Figurative, Charming Images at SOIL; Sensual, Lurid, Harmonic Language; and I Heart Rummage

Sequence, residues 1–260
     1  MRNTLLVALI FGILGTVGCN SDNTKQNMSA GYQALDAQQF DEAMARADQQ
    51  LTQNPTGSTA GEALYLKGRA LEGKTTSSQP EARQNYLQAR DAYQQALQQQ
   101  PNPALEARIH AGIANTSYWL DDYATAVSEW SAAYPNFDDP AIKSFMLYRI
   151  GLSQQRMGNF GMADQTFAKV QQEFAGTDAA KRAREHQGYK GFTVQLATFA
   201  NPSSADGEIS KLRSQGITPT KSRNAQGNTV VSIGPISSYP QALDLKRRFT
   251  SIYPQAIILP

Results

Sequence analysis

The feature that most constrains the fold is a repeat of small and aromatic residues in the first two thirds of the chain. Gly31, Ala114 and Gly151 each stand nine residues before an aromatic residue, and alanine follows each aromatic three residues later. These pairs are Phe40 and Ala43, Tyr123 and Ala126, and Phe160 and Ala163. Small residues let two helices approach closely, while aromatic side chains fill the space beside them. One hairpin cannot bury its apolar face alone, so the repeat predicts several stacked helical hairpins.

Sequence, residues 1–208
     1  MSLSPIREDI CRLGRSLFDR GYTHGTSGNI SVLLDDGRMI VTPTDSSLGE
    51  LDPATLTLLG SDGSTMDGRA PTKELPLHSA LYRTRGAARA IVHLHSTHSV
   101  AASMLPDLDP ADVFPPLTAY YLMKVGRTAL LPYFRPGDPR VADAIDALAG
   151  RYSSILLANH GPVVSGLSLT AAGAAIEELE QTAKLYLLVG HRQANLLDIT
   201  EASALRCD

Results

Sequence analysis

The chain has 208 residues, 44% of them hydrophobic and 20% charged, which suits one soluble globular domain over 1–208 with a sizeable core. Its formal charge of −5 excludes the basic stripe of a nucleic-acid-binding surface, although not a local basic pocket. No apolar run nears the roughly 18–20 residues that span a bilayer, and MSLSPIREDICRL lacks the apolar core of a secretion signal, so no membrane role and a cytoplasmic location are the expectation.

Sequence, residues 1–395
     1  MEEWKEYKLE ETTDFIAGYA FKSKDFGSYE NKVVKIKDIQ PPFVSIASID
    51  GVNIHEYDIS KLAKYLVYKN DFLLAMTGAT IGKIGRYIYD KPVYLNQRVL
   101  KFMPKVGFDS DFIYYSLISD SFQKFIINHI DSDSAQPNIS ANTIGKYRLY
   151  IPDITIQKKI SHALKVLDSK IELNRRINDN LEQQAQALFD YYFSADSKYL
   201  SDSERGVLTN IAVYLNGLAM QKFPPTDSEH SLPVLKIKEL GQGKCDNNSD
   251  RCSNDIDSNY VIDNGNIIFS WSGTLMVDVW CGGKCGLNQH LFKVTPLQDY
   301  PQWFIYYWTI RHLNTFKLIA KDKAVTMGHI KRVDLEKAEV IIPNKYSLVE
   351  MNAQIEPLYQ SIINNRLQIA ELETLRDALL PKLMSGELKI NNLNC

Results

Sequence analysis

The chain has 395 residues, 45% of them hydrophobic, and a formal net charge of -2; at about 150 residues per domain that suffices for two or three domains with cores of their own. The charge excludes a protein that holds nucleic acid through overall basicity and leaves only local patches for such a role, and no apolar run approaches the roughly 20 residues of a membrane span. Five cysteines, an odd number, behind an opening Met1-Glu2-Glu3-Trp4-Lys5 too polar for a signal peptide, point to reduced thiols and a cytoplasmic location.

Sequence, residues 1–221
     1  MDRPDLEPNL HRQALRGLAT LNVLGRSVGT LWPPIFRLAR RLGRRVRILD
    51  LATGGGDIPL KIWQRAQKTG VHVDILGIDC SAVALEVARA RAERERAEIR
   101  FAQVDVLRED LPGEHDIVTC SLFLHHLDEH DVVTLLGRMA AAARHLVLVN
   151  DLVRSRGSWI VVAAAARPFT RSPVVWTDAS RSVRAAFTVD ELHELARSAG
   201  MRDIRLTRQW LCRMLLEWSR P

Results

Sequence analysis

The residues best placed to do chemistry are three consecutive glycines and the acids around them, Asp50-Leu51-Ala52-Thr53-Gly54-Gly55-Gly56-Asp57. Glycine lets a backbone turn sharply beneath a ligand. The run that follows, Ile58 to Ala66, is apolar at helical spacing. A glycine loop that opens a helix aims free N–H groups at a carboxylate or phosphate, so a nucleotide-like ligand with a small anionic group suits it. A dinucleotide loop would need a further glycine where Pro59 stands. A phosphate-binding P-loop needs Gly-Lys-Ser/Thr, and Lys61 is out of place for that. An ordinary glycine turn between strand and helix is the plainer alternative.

Visual Arts L.A. Stories If it takes two to make a thing go right, Seattleite Samantha Scherer and Los Angeleno Thomas Müller demonstrate that principle in their new artistic collaboration, "L.A. Stories." The pen and watercolor drawings of a police station, a car filling up on gas, or a group of famous Hollywood faces look slight and simple at first, though you might notice the faint text of "WATER METER" or other city insignia rubbed onto the paper, which is Müller's telltale mark. He began relating his experiences in L.A. to Scherer over the phone, and she'd sketch her interpretations of such surreal comedy as witnessing Nicolas Cage buying cheap gas at ARCO, or standing behind Bishop Don "Magic" Juan at the post office. Müller's embossments from the streets and sidewalks of his city are the final touches, giving each piece a "literal imprint" that meets Scherer's figurative, charming images. SOIL, 112 Third Ave. S., 264-8061, Gallery hours: Noon–5 p.m. Thurs.–Sun. Ends Feb. 25. RACHEL SHIMP ClassicalSimple Measures"Off Road," the title of the next concert in this recital series, could describe the usual venues—director Rajan Krishnaswami prefers coffeehouses to concert halls, less-formal spaces that are, he hopes, less forbidding to classical novices and enable the intimacy that chamber music, after all, was meant to offer. But it also describes Simple Measures' current program, devoted to composers who struck out on their own path. Six string players join cellist Krishnaswami for a concert that moves from the sensual, even lurid, harmonic language of the madrigals of Carlo Gesualdo (1560–1613) to Beethoven's last, gnomic string quartet to Schoenberg's luscious, moonlit Transfigured Night to American mavericks Charles Ives and John Cage: one a flinty transcendentalist who hurled two-fisted abuse at the tender-eared, the other a puckish Zen disciple who smilingly, serenely questioned the very nature of music. Rainier Chapter House, 800 E. Roy St., 283-6058. $10–$25. 7 p.m. (Other performances Fri., Sat., and Mon.; see for details.) GAVIN BORCHERTCrafts I Heart RummageSeattle is such a ridiculously crafty town that even our monorail has a cozy around one of its support beams. That's the work of the Austin-based Knitta crew, but there are plenty of knitters, clothing designers, poster artists, jewelers, and other crafters at work in the city every day. Each month they bring their wares to the Crocodile, where you can enjoy a kick-ass brunch before indulging in some retail therapy—or this month, a search for a truly unique Valentine's gift, be it organic soap, a reconstructed bangle clutch, an eight-armed Soctopus, or a screen-printed blazer with cozy hoodie attached. This stuff makes the rounds at other craft fairs, most recently the Christmas season's Urban Craft Uprising, but this is the monthly where the creativity began, and where it continues. Crocodile Cafe, 2200 Second Ave., 441-5611, Noon–4 p.m. RACHEL SHIMP

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